In 1960, Portland was the second-most segregated city on the West Coast, behind Los Angeles. Four of five Black residents lived in the Albina District. This presentation explores how the real estate industry, public officials, and citizens justified that spatial segregation. It traces the private- and public-sector mechanisms utilized to confine and re-shape Black settlement within Albina. A major motive for segregation was to enable financial exploitation of Black homeowners and renters, allowing housing-industry manipulators to extract wealth from the Black community.
The people of Baker City knew him as a successful businessman and his home town’s most active booster. But few realized just how successful “Mr. Baker” had been. This is a story of ambition and achievement and one ordinary man’s relationship with the small town he loved.
Wayne Morse served four terms (1945 -1969) in the US Senate. He represented Oregon with brilliance and bravado and followed a vision of “principle above politics.” He could be quick to criticize, and he rankled many opponents. But he wrote and sponsored legislation that was well ahead of its time.
In the years leading up to his presidential nomination in 1960, Sen. John F. Kennedy was a frequent visitor to Oregon, serving as grand marshal of the Medford Pear Blossom Parade and throwing out the first ball at a Little League game in The Dalles. It was all a long way from Harvard, but it led to a crucial victory in the Oregon primary that propelled him toward the Oval Office.
The Second World War brought major changes — economic, social and demographic — to the state of Oregon. The war years also left profound impressions on the individuals who lived through them, whether in military service or on the home front. “Oregon at War” is a one-hour special that explores both the big picture and the personal stories of Oregon and Oregonians during World War II.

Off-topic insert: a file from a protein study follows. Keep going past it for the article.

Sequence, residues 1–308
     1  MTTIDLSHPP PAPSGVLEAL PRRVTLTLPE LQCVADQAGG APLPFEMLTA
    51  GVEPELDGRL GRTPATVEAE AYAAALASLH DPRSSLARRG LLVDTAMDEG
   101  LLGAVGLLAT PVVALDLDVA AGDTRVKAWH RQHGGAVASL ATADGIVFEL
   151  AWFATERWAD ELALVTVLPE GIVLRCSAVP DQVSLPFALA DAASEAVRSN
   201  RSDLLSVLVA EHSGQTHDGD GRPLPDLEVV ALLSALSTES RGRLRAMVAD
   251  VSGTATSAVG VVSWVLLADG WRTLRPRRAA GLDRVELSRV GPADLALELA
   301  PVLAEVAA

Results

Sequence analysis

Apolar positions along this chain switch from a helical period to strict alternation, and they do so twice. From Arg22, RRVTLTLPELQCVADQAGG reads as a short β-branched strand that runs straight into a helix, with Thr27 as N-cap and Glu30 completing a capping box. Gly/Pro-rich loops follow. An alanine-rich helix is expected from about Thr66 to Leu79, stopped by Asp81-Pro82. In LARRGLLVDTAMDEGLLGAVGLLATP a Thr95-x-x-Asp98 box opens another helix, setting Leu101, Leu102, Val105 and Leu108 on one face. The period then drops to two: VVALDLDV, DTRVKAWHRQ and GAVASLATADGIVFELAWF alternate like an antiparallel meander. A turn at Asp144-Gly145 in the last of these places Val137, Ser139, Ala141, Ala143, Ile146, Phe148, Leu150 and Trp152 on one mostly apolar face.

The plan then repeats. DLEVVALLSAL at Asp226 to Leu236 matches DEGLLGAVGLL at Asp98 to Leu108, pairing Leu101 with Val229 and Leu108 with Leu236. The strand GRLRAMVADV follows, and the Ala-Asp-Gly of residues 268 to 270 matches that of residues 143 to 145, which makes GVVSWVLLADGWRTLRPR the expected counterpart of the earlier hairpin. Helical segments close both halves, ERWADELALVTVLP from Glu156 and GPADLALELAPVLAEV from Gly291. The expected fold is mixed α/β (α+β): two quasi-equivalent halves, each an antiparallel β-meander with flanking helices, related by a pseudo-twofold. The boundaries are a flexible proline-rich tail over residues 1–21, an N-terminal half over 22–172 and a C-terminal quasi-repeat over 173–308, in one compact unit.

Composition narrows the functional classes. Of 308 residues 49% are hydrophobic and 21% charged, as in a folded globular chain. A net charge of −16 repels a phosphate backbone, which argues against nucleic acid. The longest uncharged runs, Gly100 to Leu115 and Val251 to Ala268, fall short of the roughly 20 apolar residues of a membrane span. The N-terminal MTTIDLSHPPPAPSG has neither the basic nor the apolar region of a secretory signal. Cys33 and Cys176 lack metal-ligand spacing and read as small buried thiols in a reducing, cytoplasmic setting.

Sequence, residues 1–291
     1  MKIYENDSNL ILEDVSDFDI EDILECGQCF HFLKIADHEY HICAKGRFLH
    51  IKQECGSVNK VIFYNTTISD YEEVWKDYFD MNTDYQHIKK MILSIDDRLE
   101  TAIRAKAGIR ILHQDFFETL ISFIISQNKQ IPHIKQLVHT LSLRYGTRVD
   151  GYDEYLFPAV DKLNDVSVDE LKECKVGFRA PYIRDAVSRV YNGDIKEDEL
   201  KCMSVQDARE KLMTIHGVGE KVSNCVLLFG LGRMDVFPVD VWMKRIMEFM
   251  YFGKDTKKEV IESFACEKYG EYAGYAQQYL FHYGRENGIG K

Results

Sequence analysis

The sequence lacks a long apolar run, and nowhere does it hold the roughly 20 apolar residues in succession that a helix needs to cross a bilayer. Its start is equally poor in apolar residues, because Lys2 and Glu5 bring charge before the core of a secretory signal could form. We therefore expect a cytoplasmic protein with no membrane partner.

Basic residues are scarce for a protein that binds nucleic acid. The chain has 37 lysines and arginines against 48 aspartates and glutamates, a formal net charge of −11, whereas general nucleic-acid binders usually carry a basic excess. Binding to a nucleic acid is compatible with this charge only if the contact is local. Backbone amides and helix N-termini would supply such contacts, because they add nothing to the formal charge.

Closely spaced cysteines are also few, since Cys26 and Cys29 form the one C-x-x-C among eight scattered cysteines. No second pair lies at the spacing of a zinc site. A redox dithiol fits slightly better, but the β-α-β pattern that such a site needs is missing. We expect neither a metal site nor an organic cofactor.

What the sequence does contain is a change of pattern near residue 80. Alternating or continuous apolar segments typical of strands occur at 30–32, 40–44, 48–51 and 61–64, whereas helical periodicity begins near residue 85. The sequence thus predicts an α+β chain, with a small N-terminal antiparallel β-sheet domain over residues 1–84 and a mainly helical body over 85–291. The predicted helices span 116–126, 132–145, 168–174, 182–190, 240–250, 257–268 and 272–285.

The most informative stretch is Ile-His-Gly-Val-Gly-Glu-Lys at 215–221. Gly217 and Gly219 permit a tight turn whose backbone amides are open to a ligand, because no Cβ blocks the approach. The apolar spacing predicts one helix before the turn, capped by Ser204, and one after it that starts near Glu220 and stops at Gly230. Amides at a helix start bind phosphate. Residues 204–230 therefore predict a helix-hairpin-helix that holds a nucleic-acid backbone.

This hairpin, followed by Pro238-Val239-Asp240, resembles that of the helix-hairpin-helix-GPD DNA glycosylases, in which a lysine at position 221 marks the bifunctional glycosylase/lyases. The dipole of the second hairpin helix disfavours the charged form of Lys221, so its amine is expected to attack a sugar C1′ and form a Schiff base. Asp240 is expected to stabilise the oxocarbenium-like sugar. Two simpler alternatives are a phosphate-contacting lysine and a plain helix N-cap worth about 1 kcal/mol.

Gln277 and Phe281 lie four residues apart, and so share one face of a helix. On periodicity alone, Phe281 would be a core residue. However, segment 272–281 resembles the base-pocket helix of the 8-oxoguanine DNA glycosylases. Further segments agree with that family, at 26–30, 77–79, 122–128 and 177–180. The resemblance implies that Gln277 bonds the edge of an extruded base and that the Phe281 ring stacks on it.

Hunting Birds with a Camera: How William Finley and Herman Bohlman used photography to save Oregon's birds. The Oregon Historical Society is proud to present a retrospective on the work of early twentieth century nature photographers William L. Finley, Irene Finley, and Herman T. Bohlman. Scaling trees, fording rivers, and braving Oregon's most rugged landscapes, they went to almost any lengths to capture Oregon's birds on film. Their photographs and tireless dedication to education captivated the public and helped lead to the creation of the state's first wildlife refuges, laying the foundation for Oregon's legacy as a leader in conservation. Join us for a night of adventure and laughter as we explore the rarely seen, behind-the-scenes photographs and recapture the spirit of Finley's long beloved public programs.
For decades, the musical traditions of Ghana were explored and extended by Ghana-born and Portland-based drummer, composer, and bandleader Obo Addy. Together with his world beat band, Kukrudu, and traditional quartet, Okropong, Addy was one of Ghana's greatest musical ambassadors. Join us for a presentation on Obbo Addy's impact on the Pacific Northwest, including a performance by Okropong.
During the early 1940s, Vanport, Oregon, was the second largest city in the state. But on a Sunday afternoon in May 1948, it disappeared completely — destroyed by a catastrophic flood.
Learn about the traditionally untold stories of the Civil Rights Movement, specifically the role of women of color. Speakers will share reflections on their work in the Oregon Civil Rights Movement — their struggles and greatest memories — as well as advice for young activists on how to get involved and what they can do to make a positive difference in their local communities.
Racial violence was particularly significant in the nationalization of civil rights, as evidenced by the creation of the NAACP in the wake of northern migration and the racial violence that ensued in the first decade of the twentieth century. That process of violence, migration, and organization connects places such as Mississippi and Oregon, and telling stories about this violence — whether it occurred in Mississippi or in Marshfield, Oregon — linked Black communities and fueled the rise of a national civil rights movement. Join us for a discussion between historians working in two corners of the country, as they explore the ways violence and storytelling have connected those places to the national movement for equality.